Deploying (simple way)
Right, deployment, we have two ways here to deploy application and make it available for testers or whoever we want to be able for. First way is the easy one and I will use that. In the first part of the cycle, when I was describing folder structure on build server I have created myproject\testsite folder. I made this folder as a home directory of the virtual directory on local IIS. In this situation I have to create deployment files and copy them to that folder.
Second, more complicated way is to use tasks to create virtual directory under IIS and configure all web server to point on correct location. If there will be need expressed in comments (*) I will describe that later in the cycle.
Ok, we have to prepare content to deploy before we actually do that. Let's add web deployment project to the solution we have. Then we can create the next target named Deploy that depend on the Build target of course. This target is pretty simple. With a Folder.Copy task (from Microsoft.Sdc.CommonTasks) we can copy all directory content including subdirectories. It's much easier than doing that with tasks included in the MSBuild by default. Only what we have to specify id source and destination locations.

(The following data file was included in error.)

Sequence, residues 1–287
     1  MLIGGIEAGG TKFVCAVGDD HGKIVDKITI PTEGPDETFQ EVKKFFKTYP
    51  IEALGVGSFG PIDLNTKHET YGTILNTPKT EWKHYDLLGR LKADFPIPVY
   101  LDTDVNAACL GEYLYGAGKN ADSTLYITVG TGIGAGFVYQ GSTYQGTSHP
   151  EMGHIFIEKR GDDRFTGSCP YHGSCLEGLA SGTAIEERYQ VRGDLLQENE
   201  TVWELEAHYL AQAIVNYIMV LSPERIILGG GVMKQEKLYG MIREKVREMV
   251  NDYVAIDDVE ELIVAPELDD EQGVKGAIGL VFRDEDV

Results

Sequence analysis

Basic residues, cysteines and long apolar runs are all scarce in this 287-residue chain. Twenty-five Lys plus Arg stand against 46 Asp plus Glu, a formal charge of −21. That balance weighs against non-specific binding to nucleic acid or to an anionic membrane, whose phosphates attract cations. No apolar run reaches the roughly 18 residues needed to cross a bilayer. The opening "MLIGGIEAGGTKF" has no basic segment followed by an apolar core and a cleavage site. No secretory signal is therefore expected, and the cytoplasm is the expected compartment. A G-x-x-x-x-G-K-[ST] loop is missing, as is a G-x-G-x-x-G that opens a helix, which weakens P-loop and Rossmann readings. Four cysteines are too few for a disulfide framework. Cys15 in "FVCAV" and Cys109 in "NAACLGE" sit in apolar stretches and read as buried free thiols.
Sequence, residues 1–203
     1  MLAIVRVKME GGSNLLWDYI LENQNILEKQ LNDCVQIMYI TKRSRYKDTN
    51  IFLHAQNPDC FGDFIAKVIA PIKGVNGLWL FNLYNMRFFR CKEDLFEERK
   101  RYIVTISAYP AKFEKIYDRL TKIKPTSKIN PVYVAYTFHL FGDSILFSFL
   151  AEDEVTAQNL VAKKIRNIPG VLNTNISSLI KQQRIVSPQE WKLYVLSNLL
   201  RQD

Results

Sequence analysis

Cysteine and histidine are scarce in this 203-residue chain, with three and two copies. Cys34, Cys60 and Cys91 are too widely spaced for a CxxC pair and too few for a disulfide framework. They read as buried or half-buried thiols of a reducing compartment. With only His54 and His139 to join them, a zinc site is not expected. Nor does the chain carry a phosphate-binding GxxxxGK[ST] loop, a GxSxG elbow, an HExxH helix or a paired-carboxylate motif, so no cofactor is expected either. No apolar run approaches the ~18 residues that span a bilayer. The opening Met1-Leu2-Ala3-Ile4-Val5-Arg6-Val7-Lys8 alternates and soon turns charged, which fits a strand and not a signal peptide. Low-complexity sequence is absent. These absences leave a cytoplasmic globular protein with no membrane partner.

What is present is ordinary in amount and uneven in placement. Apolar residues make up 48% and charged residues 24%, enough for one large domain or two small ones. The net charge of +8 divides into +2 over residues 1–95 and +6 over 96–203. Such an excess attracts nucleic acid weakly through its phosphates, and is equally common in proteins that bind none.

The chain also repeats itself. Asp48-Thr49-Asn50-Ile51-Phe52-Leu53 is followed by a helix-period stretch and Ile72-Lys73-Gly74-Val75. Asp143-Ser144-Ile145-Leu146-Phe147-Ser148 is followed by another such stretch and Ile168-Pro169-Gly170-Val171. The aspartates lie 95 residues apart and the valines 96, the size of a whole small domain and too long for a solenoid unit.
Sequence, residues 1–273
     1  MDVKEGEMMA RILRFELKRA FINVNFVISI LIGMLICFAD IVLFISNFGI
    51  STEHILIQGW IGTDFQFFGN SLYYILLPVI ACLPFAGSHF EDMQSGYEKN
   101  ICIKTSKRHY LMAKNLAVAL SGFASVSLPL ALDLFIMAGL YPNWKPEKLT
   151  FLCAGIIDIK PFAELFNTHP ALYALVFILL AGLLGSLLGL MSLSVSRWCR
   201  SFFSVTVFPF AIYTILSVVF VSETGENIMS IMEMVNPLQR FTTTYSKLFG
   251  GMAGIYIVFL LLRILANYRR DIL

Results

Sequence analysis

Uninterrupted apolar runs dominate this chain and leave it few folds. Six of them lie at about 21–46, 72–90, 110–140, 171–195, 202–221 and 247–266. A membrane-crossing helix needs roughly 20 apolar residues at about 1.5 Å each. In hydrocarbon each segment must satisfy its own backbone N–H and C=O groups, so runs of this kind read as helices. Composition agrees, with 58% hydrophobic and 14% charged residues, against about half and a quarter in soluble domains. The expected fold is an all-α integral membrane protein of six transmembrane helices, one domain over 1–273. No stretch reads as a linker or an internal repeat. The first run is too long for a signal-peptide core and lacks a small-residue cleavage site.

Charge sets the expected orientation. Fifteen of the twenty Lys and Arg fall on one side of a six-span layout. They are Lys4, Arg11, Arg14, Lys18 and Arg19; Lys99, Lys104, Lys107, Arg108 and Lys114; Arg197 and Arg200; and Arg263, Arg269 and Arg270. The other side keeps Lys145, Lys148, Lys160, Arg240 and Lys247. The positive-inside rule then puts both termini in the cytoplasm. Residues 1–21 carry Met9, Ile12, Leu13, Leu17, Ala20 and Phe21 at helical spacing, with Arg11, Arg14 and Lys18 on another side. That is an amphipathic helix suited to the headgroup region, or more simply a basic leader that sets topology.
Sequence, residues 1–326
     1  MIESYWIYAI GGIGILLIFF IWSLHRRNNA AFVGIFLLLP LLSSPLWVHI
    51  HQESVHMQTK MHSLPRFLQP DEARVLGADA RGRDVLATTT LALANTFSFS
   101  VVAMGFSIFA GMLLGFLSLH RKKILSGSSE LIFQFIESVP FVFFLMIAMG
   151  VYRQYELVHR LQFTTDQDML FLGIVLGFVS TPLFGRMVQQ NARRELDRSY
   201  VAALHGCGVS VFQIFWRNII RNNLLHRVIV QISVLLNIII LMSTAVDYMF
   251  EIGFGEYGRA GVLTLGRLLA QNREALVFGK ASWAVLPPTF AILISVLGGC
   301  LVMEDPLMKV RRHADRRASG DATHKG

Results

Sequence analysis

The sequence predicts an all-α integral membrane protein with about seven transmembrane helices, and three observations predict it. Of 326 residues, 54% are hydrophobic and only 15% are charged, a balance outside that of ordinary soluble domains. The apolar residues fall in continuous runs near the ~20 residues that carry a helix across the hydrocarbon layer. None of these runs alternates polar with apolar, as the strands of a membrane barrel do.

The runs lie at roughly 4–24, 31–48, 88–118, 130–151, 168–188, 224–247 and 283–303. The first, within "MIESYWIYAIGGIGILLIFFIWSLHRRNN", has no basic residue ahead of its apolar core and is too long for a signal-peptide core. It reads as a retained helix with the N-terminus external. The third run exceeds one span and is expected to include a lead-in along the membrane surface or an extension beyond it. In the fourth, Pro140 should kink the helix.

Here, on the snippet above, we are copying content of the deployment project build to deployment directory, which is defined at the beginning by adding the following line to the property group right after the WorkingOutputs.
Putting all together
Now we can put all the pieces together and change the "All" target, which is target we are building, by adding new calls. Finally this target looks like on the snippet below.
After successful build we can browse to the url we have assigned to the deployment directory and see how our build script works. If everything has been done fine, we will page with nice version number and we will have the newest release available online every time build will be successful.
In the next part I will show how to add unit tests to build server. We may have to put some small modification for the tasks that ships with one of the sets. It will be some nice there so stay tuned.
Hope that helps
* – if there will be any comments
03-15-2007 12:32 PM